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FWIW I have a couple of Square D 'double' 15 amp breakers. These are doubles (Not double pole). By that I mean these are two 15 amp single pole breakers, both on the same 'leg' (or incorrectly called 'phase' side!); BUT they fit in the same SINGLE SAME PHYSICAL SPACE as a normal 'single' 15 amp single pole breaker.
This allows the use of one of these 'doubles' to 'crowd up' say a couple of #14AWG 15 amp lighting circuits. That saves one space which then allows the placing of a proper double pole breaker, of the appropriate rating, which in adjacent spaces spans both of A and B legs to give 230 volts.
I can look at the Square D type number if you wish.
Interesting (sensible) post and answers IMHO.
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That is what I bought in my original post and the guy at home depot told me I could tie them together with a split pin. A big no-no. The lady at special services said he was an electrician. Now that I know that for certain, I am going to get some more of them to make spaces for some single throw double poles that use up two spaces to get hot from each side of the bar.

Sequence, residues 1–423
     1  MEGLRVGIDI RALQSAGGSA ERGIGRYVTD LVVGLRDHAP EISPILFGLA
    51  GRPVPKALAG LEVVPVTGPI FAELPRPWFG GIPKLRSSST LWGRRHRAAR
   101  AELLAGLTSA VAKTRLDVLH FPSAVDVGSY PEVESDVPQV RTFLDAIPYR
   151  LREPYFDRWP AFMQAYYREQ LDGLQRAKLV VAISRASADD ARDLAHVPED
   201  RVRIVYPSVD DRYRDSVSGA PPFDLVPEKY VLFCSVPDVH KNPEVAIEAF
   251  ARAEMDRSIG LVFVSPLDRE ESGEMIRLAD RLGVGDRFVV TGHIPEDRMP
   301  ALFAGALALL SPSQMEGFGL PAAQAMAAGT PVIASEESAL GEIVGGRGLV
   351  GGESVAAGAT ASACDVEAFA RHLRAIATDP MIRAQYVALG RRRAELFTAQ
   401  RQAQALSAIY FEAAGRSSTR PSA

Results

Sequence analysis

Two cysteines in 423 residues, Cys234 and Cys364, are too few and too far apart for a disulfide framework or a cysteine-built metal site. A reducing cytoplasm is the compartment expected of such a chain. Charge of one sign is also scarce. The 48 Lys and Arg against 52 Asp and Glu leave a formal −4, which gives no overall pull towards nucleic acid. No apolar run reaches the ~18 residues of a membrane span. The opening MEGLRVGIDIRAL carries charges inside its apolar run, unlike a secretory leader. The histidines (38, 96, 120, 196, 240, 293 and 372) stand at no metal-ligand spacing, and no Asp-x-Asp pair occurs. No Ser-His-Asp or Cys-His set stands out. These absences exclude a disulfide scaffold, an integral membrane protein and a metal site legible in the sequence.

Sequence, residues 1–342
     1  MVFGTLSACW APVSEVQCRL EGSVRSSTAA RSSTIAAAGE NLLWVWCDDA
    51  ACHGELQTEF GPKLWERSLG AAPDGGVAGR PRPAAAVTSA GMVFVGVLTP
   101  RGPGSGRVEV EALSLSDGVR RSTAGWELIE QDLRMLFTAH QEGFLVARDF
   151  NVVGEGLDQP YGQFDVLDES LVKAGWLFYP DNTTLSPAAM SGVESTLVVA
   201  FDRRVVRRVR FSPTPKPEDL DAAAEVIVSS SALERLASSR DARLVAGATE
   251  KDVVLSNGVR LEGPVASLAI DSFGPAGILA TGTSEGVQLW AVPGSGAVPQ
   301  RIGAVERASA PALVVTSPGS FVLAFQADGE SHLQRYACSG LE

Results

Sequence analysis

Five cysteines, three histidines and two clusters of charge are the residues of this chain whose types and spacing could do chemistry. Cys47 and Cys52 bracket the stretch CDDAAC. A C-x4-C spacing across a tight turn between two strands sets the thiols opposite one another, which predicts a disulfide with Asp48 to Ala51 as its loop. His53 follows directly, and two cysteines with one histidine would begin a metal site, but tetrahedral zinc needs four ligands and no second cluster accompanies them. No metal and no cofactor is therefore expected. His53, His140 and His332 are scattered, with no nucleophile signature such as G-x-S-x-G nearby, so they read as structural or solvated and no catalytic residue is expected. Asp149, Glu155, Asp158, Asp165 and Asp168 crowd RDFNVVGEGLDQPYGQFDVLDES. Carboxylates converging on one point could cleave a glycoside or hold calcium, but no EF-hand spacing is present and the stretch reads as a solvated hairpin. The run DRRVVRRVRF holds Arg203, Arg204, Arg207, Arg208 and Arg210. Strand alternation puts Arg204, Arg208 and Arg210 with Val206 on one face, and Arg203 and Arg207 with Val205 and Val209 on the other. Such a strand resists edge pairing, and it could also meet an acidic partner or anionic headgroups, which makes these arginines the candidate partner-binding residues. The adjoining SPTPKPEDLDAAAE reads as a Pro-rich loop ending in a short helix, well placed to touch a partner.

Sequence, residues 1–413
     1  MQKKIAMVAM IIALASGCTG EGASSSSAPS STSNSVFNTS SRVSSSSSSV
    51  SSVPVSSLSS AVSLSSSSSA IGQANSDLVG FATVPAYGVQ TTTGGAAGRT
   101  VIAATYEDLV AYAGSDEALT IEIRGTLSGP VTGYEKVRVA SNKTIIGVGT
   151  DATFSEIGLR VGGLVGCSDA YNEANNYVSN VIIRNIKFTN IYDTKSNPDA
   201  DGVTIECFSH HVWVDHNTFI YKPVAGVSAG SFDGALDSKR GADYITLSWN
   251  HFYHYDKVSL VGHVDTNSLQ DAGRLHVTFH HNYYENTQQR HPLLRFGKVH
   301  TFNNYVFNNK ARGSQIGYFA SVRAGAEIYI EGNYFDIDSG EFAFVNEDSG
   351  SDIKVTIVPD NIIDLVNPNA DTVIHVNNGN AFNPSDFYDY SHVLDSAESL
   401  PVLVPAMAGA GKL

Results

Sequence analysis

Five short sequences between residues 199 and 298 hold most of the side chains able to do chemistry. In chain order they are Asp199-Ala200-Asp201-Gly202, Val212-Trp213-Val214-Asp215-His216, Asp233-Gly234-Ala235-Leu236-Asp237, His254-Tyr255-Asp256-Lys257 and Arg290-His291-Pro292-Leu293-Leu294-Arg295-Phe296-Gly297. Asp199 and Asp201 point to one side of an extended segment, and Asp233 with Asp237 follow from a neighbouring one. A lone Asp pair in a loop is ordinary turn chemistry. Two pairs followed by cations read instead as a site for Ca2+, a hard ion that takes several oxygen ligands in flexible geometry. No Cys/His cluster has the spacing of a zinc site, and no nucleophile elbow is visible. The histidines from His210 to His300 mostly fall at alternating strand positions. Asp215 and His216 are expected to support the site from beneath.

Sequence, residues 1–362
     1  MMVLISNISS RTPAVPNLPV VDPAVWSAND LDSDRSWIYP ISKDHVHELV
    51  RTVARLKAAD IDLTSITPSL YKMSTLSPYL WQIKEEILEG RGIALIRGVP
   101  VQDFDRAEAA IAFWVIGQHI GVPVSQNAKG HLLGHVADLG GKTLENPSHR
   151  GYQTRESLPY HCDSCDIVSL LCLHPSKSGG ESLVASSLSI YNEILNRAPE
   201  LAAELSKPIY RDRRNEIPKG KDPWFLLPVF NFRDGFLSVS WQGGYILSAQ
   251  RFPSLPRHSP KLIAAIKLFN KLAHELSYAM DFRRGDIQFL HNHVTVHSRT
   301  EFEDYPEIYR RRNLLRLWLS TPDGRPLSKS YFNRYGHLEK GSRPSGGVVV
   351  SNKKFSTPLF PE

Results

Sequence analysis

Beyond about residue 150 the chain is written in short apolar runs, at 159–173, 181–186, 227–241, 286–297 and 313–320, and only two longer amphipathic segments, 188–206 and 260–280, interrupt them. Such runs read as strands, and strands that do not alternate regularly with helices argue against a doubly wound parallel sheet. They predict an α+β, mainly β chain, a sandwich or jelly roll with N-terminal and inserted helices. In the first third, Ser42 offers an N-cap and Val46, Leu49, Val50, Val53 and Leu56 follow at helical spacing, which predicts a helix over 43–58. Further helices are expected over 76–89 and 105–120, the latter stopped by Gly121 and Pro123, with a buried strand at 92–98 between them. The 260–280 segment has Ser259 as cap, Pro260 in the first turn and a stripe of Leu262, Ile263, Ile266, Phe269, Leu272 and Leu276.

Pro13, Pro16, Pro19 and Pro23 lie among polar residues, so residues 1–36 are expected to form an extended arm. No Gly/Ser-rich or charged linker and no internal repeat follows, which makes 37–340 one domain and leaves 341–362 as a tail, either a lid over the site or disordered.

Our code here says each kitchen counter outlet must be split and each adjacent plug must also be on a separate service with a maximum of 2 plugs per 14/3 circuit run. In my reno I put 5 plugs in my upstairs kitchen and 4 in my basement kitchen. This means that I need 10 spaces of my 32 spaces just for kitchen counters. And at inspection time code says that I must have 2 vacant spots for future use. So I have only 20 spots left to play with.
Thx